Video: Reverse Stroke For Canoeing  

Can You Paddle A Canoe Sideways?

Yes, you can. And sometimes, you might find that it’s necessary to move sideways, for example, if you need to paddle alongside a dock or paddle sideways to another canoe in a rescue situation.

To move sideways, you can use the draw stroke. To do this you should rotate your torso to face your paddle. Your arms should be extended and you should position the blade away from the canoe but in line with your hip.

Try to keep your paddle as vertical as possible so that the blade can move as much water as possible when you bring it back through the water toward you. 

As your paddle gets close to the side of your canoe, you can slice the blade out of the water toward the stern. Or you can rotate the blade 90-degrees so that it slices back toward your starting position to repeat the process for more efficient strokes.

This technique can also be used to rotate a canoe 360-degrees if you and your tandem paddling partner both complete the same draw strokes on opposite sides of the canoe. This can be useful if you need to make sharp turns quickly.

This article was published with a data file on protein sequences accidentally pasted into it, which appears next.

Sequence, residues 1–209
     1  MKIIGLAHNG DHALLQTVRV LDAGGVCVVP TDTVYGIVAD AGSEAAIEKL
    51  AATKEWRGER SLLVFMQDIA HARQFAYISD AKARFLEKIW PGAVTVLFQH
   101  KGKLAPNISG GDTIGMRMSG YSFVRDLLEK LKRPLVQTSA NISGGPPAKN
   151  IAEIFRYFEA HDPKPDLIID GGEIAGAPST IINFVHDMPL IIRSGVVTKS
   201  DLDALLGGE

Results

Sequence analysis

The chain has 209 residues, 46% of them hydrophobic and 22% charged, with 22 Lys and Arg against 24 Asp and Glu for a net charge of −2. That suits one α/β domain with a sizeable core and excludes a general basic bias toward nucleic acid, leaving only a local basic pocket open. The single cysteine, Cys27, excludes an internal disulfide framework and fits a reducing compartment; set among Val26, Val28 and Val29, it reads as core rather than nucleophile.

Wrapping Up

Once you’ve mastered the basic paddling techniques of canoeing, you can improve your paddling efficiency (whether solo paddling or tandem paddling), be safer on the water, and have more fun enjoying the beauty of nature.

Remember to always wear your PFD and don’t paddle in conditions that are beyond your skill level. Maintain communication with your paddling partner and have a little patience while you practice those essential canoeing skills. Before you know it, you’ll be mastering those techniques with confidence.  

Feel free to share your thoughts in the comments. And if you think this might help others pick up a paddle and get outdoors, share it.

> How to paddle a kayak